Theodore Johnson, Jr., Petitioner-appellant, v. Wayne Estelle, Warden, Respondent-appellee, 967 F.2d 587 (9th Cir. 1992)

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US Court of Appeals for the Ninth Circuit - 967 F.2d 587 (9th Cir. 1992)

Submitted June 3, 1992. *Decided June 11, 1992

Before D.W. NELSON, BOOCHEVER and DAVID R. THOMPSON, Circuit Judges.


Theodore Johnson, Jr. appeals pro se the district court's dismissal of his habeas corpus petition. In that petition, Johnson alleged that the California Board of Prison Terms (BPT) exceeded its statutory authority by refusing to release him from prison once he became eligible for parole.1 

Johnson was convicted of second degree murder and sentenced to fifteen years to life in prison. See Cal.Penal Code § 190. He became eligible for parole on March 25, 1990. The BPT denied Johnson's parole application, because it concluded he posed an unreasonable danger to society.

After exhausting his state remedies, Johnson filed a petition for a writ of habeas corpus in district court. The district court dismissed Johnson's petition. We have jurisdiction under 28 U.S.C. § 2253 and affirm.


Johnson contends the BPT's refusal to release him from prison violated his due process rights. He does not challenge the adequacy of the BPT's parole hearing procedures. Rather, he argues that the BPT lacked authority to deny his release once he became eligible for parole.2  We disagree.

Johnson was sentenced to an indeterminate prison term of fifteen years to life in accordance with Cal.Penal Code § 1168(b). See In re Dayan, 231 Cal. App. 3d 184, 187, 282 Cal. Rptr. 269 (1991) (fifteen years to life term is an indeterminate sentence governed by section 1168(b)). When a prisoner is sentenced to an indeterminate term, the BPT determines when he will be released on parole. Cal.Penal Code § 3040(b). The BPT is authorized to deny parole if it finds that the prisoner's release would pose an unreasonable danger to the public. Cal.Admin.Code Tit. 15, § 2281.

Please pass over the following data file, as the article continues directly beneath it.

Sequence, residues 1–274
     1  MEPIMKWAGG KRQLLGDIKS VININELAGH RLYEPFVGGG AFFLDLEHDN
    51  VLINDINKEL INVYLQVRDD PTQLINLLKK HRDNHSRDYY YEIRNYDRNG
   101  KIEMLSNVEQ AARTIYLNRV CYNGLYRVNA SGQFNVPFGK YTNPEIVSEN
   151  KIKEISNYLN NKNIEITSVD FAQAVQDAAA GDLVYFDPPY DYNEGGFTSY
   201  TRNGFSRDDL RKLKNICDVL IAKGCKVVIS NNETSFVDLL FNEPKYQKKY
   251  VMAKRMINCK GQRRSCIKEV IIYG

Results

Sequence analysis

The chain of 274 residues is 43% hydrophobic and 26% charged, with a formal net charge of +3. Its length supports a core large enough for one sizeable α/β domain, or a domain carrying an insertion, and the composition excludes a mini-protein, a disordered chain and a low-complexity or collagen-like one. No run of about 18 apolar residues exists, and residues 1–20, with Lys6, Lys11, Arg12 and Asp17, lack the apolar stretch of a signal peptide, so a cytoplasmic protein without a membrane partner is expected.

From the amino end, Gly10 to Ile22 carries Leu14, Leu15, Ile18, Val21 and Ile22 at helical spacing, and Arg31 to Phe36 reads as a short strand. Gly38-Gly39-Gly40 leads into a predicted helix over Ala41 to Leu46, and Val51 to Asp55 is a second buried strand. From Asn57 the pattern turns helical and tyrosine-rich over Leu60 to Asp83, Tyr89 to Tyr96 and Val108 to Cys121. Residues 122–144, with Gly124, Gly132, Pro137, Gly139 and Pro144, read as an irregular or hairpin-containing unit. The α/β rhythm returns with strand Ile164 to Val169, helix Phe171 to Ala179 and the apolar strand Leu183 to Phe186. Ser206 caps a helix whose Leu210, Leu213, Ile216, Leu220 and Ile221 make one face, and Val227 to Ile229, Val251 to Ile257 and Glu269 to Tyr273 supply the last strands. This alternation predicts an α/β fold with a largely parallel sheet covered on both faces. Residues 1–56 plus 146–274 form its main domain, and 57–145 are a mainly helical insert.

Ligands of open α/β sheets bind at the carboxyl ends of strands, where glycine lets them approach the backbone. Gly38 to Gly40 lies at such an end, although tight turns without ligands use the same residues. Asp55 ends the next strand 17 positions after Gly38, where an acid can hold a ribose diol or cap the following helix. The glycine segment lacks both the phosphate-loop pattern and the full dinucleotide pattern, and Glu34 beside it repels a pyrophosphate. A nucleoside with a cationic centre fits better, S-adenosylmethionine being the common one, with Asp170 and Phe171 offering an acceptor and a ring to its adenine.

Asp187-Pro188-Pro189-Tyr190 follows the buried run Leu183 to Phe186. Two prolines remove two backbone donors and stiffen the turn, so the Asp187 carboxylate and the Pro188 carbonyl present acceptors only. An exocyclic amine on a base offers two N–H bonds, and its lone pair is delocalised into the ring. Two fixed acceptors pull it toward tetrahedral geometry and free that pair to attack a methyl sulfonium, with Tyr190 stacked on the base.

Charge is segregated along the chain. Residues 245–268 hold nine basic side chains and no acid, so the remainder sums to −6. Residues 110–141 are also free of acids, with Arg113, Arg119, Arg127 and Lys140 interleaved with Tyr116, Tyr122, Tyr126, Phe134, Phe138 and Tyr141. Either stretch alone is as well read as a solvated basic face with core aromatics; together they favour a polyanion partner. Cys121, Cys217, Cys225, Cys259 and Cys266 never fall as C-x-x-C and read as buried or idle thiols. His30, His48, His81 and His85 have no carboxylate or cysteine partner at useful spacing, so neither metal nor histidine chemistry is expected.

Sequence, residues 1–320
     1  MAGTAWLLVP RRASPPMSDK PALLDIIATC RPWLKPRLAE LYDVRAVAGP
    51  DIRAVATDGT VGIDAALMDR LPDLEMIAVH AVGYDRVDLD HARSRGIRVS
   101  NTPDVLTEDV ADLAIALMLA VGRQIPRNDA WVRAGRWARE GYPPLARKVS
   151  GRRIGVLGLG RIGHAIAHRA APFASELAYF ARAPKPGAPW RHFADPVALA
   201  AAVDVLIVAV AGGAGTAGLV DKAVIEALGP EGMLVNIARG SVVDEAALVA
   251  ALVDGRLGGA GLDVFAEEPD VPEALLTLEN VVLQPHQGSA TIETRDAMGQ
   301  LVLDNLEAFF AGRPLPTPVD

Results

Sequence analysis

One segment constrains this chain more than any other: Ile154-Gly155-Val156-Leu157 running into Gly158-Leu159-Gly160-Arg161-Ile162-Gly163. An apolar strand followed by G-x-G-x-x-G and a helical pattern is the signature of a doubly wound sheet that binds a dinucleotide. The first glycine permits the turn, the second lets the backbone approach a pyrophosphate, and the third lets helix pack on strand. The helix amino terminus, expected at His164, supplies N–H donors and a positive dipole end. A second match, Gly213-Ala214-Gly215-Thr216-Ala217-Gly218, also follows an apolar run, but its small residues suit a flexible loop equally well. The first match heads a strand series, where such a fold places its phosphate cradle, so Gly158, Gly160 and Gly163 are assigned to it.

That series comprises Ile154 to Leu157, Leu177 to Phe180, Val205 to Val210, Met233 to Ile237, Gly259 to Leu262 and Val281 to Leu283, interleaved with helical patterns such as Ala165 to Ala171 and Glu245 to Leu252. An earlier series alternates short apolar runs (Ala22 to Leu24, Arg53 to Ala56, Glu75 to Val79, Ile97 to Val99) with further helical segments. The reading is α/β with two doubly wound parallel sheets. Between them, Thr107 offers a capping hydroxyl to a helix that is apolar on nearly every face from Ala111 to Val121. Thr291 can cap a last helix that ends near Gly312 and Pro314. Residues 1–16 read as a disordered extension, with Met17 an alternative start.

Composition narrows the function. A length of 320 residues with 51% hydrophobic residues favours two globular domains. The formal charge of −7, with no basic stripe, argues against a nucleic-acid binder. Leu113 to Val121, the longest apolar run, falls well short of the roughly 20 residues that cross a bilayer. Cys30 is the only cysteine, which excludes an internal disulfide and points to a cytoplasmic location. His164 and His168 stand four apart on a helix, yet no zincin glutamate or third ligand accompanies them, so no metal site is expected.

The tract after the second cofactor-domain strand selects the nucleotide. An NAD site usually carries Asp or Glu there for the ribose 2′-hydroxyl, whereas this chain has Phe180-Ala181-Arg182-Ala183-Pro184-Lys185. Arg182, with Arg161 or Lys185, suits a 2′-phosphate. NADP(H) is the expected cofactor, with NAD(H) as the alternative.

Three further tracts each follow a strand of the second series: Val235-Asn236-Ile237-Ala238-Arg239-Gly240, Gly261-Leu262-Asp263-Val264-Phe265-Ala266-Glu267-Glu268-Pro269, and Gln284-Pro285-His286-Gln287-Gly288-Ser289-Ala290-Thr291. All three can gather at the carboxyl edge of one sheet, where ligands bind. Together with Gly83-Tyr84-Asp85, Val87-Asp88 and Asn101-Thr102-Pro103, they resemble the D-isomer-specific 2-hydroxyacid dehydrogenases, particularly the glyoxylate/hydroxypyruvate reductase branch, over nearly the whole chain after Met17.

Even if we assume for purposes of this discussion that California's early release procedures are sufficiently mandatory to create a constitutionally protected liberty interest, see, e.g., Bergen v. Spaulding, 881 F.2d 719, 721 (9th Cir. 1989), Johnson's constitutional rights were not violated. He has no constitutional or inherent right to parole, Greenholtz v. Inmates of Nebraska Penal and Correctional Complex, 442 U.S. 1, 7 (1979), and the BPT complied with California's parole regulations.

We reject Johnson's argument that Cal.Penal Code § 2931 required the BPT to release him from prison once he became eligible for parole.3  Section 2931 entitles a prisoner to an early release from custody based on his accumulation of "good time" credits. Because Johnson was serving an indeterminate sentence, however, this section simply entitled him to be considered for parole once he served his minimum sentence, less any applicable good time credit. See Dayan, 231 Cal. App. 3d at 188-89 (section 2931's good time credit provisions apply in fixing a prisoner's minimum term, not in setting the actual term to be served). It did not provide Johnson with an absolute right to an early release from prison. Id.



The panel unanimously finds this case suitable for disposition without oral argument. Fed. R. App. P. 34(a); 9th Cir.R. 34-4


This disposition is not appropriate for publication and may not be cited to or by the courts of this circuit except as provided by 9th Cir.R. 36-3


Johnson also argued that the BPT's decision not to release him from prison violated the prohibition against ex post facto laws, constituted cruel and unusual punishment, and ran afoul of several state laws. He has raised none of these issues on appeal, however, and we do not address them in this disposition


Johnson also challenges the validity of his sentence, arguing that the version of section 190 under which he was sentenced was improperly enacted. Because Johnson failed to raise this claim in the district court, we will not consider it on appeal. Lang v. Callahan, 788 F.2d 1416, 1418 (9th Cir. 1986)


Although section 2931 purports to apply exclusively to determinate sentences, it has also been made applicable to indeterminate sentences imposed under section 190. See Cal.Penal Code § 190